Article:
FINAL DIAGNOSIS CYSTIC SCHWANNOMA
Schwannoma, also known as neurilemmoma or just neurinoma, is a benign tumor of neuro-ectodermal origin arising sporadically or in association with Neurofibromatosis type II from the Schwann cells of the peripheral nervous system. Males and females, typically ages 20-50, are about equally affected. It occurs most frequently in the head/neck and extremities but can occur in the retroperitoneum 3% of the time 1. Sporadic growth in the pancreas is even rarer with fewer than 40 reported cases in the literature as of the time of writing.
In this scenario, diagnosis is often delayed and difficult for several reasons. Schwannomas are relatively non-specific radiographically. On sonography they are typically hypoechoeic while on computed tomography they appear well-demarcated and homogenous 2. Assumption of a cystic growth pattern, as in this case, makes proper identification considerably more difficult. Likewise, no specific laboratory abnormality is able to provide diagnostic information. Patients typically present when expansion of the tumor causes compression of nearby organs or structures sufficient to cause symptoms.
Grossly schwannomas are usually solitary, well demarcated, encapsulated masses, with a solid, pale yellow, rubbery parenchyma. They are frequently small but can grow quite large depending upon the site. On occasion they can show areas of calcification or cystic change with hemorrhage or clear fluid. Cytologic specimens frequently show cohesive groups of bland spindle-cells sometimes with palisading nuclei. The background can appear mucinous in this location resulting in a misdiagnosis of mucinous tumor or pseudocyst.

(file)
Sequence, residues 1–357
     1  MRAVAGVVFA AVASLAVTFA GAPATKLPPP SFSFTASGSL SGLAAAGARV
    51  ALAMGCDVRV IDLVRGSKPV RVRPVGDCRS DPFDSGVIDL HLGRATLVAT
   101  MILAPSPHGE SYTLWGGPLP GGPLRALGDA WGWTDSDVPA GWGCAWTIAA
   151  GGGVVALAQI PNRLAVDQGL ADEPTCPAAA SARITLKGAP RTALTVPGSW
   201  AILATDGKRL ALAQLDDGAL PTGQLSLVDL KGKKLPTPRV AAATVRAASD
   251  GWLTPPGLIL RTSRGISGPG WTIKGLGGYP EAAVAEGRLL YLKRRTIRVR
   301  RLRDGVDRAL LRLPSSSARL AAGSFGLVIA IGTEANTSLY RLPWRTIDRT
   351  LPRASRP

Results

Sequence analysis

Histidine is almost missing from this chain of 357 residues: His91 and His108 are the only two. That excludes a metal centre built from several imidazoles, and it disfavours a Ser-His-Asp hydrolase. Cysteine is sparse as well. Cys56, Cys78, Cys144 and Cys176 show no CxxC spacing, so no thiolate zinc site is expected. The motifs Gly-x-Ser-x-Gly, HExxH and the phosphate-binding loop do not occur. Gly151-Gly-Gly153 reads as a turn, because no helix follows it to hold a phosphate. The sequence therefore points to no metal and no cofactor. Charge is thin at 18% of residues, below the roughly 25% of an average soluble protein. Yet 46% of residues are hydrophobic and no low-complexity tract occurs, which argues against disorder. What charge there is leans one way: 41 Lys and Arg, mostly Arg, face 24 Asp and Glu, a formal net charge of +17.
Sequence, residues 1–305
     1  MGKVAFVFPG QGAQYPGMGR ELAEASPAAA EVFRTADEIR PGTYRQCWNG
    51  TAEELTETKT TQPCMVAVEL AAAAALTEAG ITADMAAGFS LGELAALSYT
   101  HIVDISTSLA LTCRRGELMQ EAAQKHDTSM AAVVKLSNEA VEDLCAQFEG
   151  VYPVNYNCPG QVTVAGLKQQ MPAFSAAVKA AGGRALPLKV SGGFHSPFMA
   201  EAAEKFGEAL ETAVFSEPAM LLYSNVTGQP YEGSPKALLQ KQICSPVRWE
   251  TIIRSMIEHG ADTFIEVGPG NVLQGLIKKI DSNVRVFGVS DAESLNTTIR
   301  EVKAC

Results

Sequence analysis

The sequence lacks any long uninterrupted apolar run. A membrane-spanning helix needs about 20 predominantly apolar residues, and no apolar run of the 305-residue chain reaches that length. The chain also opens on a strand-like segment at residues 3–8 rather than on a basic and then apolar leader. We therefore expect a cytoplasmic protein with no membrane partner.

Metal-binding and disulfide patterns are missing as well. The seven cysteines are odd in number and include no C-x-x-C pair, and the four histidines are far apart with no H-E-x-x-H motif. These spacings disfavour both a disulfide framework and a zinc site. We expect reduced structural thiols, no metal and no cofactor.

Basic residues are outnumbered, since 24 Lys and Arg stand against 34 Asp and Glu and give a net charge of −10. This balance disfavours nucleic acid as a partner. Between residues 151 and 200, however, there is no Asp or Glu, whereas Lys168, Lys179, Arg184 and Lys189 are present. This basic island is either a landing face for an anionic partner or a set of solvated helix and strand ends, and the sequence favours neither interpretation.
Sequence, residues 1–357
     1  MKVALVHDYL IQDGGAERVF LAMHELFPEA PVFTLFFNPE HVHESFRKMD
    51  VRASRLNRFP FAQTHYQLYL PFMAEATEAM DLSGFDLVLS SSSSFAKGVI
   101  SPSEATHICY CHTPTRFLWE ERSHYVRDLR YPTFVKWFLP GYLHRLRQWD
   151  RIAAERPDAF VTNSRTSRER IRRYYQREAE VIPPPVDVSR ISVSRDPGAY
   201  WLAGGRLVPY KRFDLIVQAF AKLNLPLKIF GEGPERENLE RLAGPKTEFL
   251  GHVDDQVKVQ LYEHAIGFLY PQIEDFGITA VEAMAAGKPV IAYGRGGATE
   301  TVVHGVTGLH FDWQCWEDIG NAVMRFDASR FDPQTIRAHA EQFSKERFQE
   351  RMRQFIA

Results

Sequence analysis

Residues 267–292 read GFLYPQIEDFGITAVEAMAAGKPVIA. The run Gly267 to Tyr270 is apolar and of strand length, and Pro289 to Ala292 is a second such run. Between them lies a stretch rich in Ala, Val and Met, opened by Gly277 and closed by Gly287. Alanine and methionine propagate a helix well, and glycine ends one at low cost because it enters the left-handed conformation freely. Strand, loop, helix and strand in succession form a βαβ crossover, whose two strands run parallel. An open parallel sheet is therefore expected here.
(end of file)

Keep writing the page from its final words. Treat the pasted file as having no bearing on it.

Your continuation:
On histology, schwannomas are traditionally described as biphasic, having alternating hypercellular and hypocellular areas, referred to as Antoni A and Antoni B, respectively. Antoni A areas contain many spindle-shaped cells with nuclear palisading and Verocay bodies. Antoni B areas are relatively hypocellular with a myxoid background and more prominent vessels. Calcifications and mitotic figures are rare but nuclear atypia (ancient change) is not unusual and should not be mistaken for malignancy.
S100 is near universally positive with GFAP, type 4 collagen, and vimentin also frequently positive. Actin and EMA usually stain the capsule. The differential diagnosis depends upon the site, but in this location would include a gastrointestinal stromal tumor, neurofibroma, leiomyoma, or solitary fibrous tumour. Helpful negative stains include keratins, neurofilament, c-kit, CD34 and desmin. Complicating factors include the many schwannoma variants including epithelioid, cellular, ancient, microcystic-reticular, pigmented and others in addition to rare malignant transformation.
Proper identification of the cytologic or surgical specimen and correlation with the patient's symptoms is essential for guiding treatment. Surgical excision is usually curative, although rarely recurrence occurs requiring a subsequent procedure. In the head of the pancreas, pancreaticoduodenectomy is commonly preferred and barring complications results in an excellent outcome 3.
REFERENCES & ADDITIONAL RESOURCES
Contributed by Chris Gilbert, MD and Scott Kulich, MD.